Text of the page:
A Cure for the Common Bad Attitude
Nothing in parenting remains the same from day to day—nothing except the presence of feelings! Feelings are part of life, part of being a child, and definitely part of parenting.
Because your child is growing quickly, her feelings change from one moment to the next. That means your parenting solutions have to change too.
First Time Experiences
Every day your child is having what I call “first time experiences.” She finds herself in new situations with no real experience or wisdom to deal with them. She isn’t being “bad,” she just isn’t sure what to do. She’s bound to make mistakes. All she knows is she’s being chastised for doing something she doesn’t know how to do correctly and that frustrates her and causes big feelings.
Today’s parents are having first time experiences, too. They’ve never parented this child in this situation before. Parents are also dealing with the fast pace of technology. Living at warp speed can cause you to feel overwhelmed from the minute you get up to the minute you go to sleep. Those two factors can cause frustration and big feelings, too.
When both parent and child are frustrated and filled with big feelings, reactions occur. Both can resort to yelling, punishing and threats to try to manage those feelings.
I know you’ve felt it, the longing for a better way to handle situations like these. You intuitively know there is one, but you don’t have time to search for it. My tip today is a place to start, a place to go to when you find yourself headed toward reacting with anger to life’s daily pressure, to big feelings, or to your child’s behavior.
The Root of Misbehavior
Many parents deal with back talk, stomping feet, and constant arguing. I’m not sure there’s just one answer that works for all children, of all ages, but this tip is a good place to begin.
When a child misbehaves or cops an attitude, most parents tend to focus on the misbehavior, foot stomping, arguing or attitude, only. But those things are actually the end result.
What parents have forgotten is each bit of misbehavior or attitude has its roots in feelings that have gone unnoticed, unchecked, unacknowledged. Unexpressed feelings grow and grow until they blossom into misbehavior or an attitude. So what’s a parent to do?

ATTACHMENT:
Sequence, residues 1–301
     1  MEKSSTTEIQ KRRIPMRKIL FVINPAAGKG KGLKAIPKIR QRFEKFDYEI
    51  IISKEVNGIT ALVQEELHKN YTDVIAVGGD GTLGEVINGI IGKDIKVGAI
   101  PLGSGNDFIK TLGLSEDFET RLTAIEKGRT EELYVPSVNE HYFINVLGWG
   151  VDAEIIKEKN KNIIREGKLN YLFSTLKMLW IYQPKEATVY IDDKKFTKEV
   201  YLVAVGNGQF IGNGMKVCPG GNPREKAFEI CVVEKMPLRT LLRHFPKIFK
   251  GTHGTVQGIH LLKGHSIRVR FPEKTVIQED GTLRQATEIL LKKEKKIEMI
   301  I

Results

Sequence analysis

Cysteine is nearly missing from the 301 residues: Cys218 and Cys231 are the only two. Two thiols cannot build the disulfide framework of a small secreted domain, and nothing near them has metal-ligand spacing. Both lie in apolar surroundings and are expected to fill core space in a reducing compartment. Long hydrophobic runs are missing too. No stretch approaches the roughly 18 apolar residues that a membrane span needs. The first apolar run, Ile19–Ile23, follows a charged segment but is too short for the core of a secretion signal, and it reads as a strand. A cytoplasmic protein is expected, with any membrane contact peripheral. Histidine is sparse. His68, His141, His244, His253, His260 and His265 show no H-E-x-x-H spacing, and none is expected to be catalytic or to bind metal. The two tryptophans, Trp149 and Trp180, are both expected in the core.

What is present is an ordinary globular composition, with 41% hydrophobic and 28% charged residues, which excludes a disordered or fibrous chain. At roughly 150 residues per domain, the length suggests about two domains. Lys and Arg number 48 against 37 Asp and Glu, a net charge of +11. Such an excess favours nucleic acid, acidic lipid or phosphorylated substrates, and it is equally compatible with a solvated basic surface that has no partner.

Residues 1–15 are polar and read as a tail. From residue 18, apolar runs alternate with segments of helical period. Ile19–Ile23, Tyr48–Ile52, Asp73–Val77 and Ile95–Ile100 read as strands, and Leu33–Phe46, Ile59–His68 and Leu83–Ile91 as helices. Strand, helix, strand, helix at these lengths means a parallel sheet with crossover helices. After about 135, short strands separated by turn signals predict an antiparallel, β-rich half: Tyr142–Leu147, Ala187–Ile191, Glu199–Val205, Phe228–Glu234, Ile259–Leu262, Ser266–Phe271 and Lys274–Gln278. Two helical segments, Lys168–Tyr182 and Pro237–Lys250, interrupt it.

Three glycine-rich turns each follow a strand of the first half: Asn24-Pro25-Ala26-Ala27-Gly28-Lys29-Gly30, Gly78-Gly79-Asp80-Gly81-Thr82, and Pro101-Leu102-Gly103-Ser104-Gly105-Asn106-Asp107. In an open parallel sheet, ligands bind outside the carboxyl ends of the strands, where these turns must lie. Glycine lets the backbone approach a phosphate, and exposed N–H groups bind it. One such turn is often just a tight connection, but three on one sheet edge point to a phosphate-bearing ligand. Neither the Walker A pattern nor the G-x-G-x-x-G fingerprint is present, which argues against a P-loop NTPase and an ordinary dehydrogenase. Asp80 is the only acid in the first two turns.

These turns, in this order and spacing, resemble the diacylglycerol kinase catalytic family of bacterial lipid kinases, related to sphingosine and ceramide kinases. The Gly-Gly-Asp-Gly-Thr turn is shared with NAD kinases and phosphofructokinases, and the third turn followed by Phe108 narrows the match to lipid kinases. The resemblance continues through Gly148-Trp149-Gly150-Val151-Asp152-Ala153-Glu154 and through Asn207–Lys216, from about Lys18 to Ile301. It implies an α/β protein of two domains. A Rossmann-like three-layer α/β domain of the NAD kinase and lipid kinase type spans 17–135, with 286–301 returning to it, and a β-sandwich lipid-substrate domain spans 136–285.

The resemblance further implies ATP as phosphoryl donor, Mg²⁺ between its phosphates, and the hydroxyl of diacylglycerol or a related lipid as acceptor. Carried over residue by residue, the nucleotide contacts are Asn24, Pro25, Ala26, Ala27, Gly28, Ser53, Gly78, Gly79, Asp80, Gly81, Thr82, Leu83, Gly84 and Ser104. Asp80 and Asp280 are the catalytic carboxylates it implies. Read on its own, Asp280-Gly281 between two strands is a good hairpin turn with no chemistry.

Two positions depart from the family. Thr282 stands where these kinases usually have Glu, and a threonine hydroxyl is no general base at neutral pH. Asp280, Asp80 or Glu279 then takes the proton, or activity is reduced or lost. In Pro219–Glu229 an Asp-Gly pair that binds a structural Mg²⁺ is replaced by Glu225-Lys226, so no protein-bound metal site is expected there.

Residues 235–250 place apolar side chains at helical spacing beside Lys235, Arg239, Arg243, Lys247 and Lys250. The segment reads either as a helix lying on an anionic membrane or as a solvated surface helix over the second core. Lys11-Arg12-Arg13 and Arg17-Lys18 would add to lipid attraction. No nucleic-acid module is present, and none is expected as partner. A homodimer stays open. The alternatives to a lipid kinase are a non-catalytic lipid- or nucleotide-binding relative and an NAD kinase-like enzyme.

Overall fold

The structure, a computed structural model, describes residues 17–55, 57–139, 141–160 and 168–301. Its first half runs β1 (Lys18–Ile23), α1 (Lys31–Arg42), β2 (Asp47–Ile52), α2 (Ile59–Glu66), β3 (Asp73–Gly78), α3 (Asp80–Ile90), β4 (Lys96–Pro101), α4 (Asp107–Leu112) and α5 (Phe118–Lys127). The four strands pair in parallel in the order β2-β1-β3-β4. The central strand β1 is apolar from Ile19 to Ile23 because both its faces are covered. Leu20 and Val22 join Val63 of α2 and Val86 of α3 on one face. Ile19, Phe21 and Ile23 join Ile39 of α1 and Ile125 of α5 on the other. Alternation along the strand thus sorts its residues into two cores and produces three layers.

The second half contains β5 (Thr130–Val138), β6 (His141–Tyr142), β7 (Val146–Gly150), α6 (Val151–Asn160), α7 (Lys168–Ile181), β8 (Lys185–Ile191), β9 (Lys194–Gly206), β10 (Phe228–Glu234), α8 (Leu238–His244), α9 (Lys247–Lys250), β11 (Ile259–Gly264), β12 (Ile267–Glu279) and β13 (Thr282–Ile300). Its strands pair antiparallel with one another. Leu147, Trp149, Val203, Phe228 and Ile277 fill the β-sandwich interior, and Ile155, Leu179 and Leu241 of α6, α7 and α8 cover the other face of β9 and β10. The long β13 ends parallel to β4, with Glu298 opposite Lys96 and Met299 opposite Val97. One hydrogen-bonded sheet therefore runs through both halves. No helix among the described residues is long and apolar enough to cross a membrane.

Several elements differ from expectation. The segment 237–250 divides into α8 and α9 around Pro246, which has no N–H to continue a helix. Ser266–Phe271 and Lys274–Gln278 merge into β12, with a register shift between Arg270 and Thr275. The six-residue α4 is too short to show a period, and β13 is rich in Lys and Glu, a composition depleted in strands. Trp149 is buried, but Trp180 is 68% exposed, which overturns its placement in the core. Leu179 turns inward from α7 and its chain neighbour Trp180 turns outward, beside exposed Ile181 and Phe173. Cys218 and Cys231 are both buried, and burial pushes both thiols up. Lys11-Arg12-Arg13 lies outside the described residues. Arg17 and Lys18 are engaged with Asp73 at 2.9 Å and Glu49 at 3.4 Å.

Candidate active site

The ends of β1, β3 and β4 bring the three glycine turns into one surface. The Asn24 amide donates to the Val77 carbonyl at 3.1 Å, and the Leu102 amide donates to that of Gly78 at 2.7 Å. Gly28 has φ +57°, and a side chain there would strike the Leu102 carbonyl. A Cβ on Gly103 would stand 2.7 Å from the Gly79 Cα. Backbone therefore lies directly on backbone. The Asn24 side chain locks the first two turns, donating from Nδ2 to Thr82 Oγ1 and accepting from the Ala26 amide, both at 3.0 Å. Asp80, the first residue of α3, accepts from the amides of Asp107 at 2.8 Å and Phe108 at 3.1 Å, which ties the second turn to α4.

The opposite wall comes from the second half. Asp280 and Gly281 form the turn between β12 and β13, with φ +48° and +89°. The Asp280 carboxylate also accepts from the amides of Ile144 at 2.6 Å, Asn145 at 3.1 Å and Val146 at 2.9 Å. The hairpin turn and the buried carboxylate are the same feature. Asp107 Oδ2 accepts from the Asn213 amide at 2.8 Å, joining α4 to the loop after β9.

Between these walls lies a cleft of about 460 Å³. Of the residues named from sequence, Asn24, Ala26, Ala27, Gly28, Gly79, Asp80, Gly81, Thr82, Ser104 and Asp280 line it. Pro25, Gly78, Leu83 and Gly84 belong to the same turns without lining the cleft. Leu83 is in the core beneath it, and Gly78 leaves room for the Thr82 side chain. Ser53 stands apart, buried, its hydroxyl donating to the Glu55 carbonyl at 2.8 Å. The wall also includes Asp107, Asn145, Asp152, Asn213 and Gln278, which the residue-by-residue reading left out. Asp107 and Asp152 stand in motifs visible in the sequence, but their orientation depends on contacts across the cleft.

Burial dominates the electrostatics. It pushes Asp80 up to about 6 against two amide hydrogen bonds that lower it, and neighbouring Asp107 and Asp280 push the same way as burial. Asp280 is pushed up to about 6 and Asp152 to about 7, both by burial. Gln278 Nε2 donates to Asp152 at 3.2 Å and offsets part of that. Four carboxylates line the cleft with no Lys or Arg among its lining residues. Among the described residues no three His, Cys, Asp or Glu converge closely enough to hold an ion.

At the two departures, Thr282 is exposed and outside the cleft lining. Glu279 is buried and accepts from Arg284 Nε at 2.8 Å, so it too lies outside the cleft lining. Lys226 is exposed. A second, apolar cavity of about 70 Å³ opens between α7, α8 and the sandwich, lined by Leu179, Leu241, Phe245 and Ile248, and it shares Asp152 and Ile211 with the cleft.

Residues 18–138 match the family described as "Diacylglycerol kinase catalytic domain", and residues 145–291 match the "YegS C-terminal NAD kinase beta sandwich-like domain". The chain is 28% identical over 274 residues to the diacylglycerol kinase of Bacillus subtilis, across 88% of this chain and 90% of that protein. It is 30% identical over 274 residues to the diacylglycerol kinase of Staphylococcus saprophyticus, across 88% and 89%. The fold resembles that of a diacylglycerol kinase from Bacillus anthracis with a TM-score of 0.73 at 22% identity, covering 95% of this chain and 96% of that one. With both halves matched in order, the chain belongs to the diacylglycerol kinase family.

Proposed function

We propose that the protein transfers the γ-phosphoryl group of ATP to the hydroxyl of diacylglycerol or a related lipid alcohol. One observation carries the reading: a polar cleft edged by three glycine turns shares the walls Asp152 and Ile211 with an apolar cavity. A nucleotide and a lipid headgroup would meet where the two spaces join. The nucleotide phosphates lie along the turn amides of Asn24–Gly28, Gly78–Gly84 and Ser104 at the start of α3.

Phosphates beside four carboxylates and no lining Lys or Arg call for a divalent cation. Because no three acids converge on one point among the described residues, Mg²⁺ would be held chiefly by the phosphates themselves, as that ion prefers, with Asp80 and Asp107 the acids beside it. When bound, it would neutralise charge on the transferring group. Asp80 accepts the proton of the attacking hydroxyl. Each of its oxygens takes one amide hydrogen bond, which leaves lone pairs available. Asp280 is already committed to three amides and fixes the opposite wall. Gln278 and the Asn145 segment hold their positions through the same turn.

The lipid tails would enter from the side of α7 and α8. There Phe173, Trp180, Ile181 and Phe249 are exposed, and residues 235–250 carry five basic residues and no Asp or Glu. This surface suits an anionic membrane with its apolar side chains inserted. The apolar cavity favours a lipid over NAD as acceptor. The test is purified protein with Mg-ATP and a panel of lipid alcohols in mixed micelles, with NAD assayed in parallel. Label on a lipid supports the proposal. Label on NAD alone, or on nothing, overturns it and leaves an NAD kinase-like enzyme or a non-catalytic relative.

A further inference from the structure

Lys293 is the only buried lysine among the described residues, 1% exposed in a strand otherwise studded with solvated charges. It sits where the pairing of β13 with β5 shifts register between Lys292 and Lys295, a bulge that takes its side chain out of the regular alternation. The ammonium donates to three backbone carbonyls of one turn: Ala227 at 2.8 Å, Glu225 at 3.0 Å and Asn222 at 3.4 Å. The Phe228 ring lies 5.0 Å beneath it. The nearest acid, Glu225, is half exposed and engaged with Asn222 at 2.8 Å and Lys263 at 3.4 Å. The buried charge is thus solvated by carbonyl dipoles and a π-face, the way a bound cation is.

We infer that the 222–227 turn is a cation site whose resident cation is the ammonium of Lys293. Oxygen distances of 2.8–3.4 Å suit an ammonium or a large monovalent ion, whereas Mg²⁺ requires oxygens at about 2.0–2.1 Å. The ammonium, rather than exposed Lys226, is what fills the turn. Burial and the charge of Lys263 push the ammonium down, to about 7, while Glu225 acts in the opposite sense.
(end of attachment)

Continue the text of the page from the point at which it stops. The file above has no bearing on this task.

Rewinding the Video
A good place to begin is to “rewind the video” so to speak. No matter what’s happened.
You’ll need to take a breath and pretend that you’ve rewound the video to the beginning of the situation the place where the feelings went unnoticed. Now begin asking your child some questions about what she was feeling at the beginning of the situation, before the incident occurred. The questions need to be asked in a genuine, loving and calm way, so the child will respond. The parent then needs to be silent and wait for the child to answer.
When a child is asked a question followed by silence, the pressure for someone to speak fills the room. If you say anything you run the risk of igniting a reaction. However, if you remain silent the feelings that went unexpressed, that led to the misbehavior, arguing etc. usually comes rolling out.
Here are some questions to get you started.
“What didn’t you say that you wanted too?”
“What was your heart feeling?”
“What made you mad?”
“What didn’t you tell anyone?”
Because you now know that your child is simply having a first time experience, you’ll find you’re more willing to teach what needs to be learned about the situation, rather than automatically yelling, punishing or threatening.
There’s another benefit to being silent after you’ve asked a question, too. Silence tends to calm you down, which helps neutralize any frustration or reactions you were about to have.
In this fast-paced world where things change from one minute to the next, this is a tip that will help resolve feelings—even if the feelings change five times during the conversation.
Sharon Silver is the author of Stop Reacting and Start Responding and The Authentic Parent Series. Go to proactiveparenting.net to download two free chapters from her book and learn about other Proactive Parenting programs. Find Sharon on Twitter and Facebook.